With a higher density, for example, a polarizer which passed only 38 percent of incident light, it was found that glare leakage is below 1 percent. However, "open" or parallel axes transmissivity of the lens pair is under 30 percent making it generally unacceptable in a commercial product. Various empirical experiments have shown that maximum transmissivity in a variable density light transmitting ophthalmic device, when the respective absorption axes are angularly related to each other by 60° plus the angle between the absorption axes which results in 8 percent transmission, is achieved when the superposed lenses comprise polarizers having individual transmissivities on the order 45.3 percent. The obvious conclusions that such a polarizer would produce optimal results when employed in a system of the type described have turned out to be fallacious as unacceptable parallel position glare leakage results. It has been discovered that if one selects lens pairs with a single lens transmissivity less than 45.3 percent, on the order of 42-44 percent, a parallel axes lens pair transmissivity of between over 35 percent results. The lenses comprising such polarizers will provide, in all attitudes, glare reduction of less than about 1 percent and when the rotatable lens is rotated about 60° from the 8 percent transmission position, nearly maximum transmittance is obtained with these polarizers.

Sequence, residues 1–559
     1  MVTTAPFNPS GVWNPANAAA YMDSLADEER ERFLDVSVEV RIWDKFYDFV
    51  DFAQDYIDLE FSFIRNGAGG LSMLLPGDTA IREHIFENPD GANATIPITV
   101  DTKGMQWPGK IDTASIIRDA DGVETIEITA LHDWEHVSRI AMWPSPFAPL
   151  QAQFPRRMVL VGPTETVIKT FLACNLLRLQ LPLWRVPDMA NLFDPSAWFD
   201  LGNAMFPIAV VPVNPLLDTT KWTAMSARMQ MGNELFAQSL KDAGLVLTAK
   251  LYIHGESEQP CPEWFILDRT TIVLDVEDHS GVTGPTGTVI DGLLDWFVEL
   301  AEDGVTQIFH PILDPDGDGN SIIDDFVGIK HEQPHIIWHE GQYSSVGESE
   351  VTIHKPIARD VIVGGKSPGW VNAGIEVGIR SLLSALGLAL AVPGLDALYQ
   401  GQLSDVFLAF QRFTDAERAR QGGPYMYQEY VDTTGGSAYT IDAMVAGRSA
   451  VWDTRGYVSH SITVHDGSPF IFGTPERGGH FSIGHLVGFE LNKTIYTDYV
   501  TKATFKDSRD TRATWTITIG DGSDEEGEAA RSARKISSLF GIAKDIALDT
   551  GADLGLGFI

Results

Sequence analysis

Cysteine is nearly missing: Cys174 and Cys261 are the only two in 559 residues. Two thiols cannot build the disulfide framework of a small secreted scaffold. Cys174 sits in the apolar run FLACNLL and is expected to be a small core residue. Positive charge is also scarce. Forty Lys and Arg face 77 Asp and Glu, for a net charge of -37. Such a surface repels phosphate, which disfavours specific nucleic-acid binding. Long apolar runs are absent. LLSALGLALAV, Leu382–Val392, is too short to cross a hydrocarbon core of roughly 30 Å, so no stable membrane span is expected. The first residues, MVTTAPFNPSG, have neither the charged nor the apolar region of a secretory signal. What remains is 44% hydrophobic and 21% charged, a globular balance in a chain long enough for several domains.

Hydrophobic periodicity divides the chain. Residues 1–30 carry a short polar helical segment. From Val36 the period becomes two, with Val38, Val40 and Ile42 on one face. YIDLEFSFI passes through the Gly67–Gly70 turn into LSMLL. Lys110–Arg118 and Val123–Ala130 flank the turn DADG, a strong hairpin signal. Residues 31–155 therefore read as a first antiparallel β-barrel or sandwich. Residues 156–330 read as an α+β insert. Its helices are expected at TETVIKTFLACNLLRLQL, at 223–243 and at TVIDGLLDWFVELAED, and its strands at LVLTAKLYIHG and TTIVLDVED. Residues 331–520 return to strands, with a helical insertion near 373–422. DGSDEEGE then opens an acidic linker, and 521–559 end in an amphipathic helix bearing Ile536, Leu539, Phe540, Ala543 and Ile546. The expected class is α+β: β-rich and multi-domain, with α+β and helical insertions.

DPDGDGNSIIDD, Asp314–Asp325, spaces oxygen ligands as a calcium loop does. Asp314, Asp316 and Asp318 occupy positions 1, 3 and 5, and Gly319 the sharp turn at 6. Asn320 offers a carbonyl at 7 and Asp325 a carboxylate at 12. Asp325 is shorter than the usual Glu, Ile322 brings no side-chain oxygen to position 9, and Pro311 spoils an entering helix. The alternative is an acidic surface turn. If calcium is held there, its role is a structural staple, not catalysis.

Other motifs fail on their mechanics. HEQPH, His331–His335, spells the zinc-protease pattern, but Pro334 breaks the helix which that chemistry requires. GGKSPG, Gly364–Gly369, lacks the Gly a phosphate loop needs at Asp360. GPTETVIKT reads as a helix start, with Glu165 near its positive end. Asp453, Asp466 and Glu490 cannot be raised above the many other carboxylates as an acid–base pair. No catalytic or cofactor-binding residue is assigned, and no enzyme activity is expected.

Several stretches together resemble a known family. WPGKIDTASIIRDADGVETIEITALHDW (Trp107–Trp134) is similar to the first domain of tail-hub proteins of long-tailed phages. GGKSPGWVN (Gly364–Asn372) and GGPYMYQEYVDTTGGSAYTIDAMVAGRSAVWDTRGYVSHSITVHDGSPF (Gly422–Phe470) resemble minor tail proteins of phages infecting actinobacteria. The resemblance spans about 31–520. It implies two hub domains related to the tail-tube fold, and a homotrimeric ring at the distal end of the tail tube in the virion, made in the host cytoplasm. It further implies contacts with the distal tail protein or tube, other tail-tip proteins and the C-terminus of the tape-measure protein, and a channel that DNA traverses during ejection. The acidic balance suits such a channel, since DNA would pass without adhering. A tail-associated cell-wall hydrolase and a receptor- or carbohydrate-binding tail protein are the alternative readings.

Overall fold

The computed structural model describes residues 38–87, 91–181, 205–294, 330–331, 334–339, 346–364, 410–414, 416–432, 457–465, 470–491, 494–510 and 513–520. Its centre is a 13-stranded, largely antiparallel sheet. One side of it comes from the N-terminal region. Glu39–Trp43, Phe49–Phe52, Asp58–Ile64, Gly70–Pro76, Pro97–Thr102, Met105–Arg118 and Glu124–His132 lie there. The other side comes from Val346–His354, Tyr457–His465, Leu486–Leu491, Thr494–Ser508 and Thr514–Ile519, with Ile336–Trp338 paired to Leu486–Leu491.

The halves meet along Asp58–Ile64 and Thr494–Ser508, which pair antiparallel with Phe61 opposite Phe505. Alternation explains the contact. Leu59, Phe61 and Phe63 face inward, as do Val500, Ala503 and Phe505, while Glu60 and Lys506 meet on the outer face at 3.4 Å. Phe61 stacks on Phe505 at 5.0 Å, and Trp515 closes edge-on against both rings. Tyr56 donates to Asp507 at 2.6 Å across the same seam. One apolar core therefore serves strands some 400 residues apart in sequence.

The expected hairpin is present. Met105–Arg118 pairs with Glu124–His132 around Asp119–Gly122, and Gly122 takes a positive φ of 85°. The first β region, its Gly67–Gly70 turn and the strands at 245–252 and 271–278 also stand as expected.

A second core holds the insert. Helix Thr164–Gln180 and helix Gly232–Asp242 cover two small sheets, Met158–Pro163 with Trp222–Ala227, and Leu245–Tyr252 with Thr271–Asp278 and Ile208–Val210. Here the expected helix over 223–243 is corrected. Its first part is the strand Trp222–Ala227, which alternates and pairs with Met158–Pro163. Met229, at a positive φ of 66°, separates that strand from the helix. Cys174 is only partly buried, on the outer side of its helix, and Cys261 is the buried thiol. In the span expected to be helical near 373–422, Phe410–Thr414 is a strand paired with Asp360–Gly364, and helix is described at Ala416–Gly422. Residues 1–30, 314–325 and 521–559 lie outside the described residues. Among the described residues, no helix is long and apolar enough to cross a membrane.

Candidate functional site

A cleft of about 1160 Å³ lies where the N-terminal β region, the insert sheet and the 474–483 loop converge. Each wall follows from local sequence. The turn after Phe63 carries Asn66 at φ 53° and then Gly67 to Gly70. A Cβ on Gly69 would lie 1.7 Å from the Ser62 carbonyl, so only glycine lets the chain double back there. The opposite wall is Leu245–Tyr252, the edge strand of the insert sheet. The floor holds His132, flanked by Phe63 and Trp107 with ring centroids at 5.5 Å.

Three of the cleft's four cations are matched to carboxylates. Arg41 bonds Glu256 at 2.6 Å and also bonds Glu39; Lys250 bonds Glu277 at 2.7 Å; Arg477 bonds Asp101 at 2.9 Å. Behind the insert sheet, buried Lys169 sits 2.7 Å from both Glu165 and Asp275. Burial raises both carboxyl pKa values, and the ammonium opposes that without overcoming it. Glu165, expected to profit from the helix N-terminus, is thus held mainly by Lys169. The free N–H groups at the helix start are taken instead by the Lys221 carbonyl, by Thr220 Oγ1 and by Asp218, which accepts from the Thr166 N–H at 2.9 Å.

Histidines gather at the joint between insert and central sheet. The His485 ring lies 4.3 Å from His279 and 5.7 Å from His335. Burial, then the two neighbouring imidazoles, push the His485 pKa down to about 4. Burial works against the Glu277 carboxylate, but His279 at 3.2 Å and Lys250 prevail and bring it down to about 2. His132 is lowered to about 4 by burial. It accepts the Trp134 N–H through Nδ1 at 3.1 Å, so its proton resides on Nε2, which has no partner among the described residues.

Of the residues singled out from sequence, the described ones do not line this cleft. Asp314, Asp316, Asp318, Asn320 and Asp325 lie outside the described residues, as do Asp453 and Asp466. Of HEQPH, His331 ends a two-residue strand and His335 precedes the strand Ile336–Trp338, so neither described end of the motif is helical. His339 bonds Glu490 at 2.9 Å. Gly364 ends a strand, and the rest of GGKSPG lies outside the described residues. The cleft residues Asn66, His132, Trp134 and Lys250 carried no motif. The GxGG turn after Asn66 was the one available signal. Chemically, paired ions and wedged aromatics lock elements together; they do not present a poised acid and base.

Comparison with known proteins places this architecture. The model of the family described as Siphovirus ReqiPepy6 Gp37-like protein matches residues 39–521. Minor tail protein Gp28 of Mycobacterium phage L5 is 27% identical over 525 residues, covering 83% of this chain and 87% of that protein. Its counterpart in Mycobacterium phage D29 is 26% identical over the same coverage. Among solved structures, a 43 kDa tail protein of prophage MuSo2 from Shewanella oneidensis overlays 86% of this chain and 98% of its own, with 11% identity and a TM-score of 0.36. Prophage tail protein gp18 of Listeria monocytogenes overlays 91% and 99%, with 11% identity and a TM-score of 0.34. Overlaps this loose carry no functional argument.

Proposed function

BRIEF DESCRIPTION OF THE DRAWINGS

FIG. 1 is a rear perspective view of a pair of exemplary spectacles of the present invention;

FIG. 2 is a graphical depiction of luminous transmittance of pairs of polarizers of various individual transmittances plotted as a function of angular displacement of the absorption axis of one of such polarizers versus the other polarizer of such pair; and

FIG. 3 is a graphical depiction of transmittance of pairs of polarizers of various individual transmittances in the open or parallel absorption axes position versus individual lens transmittances. Also depicted on the same graph are "open" and "closed" position percent glare leakages.

DETAILED DESCRIPTION OF THE DRAWINGS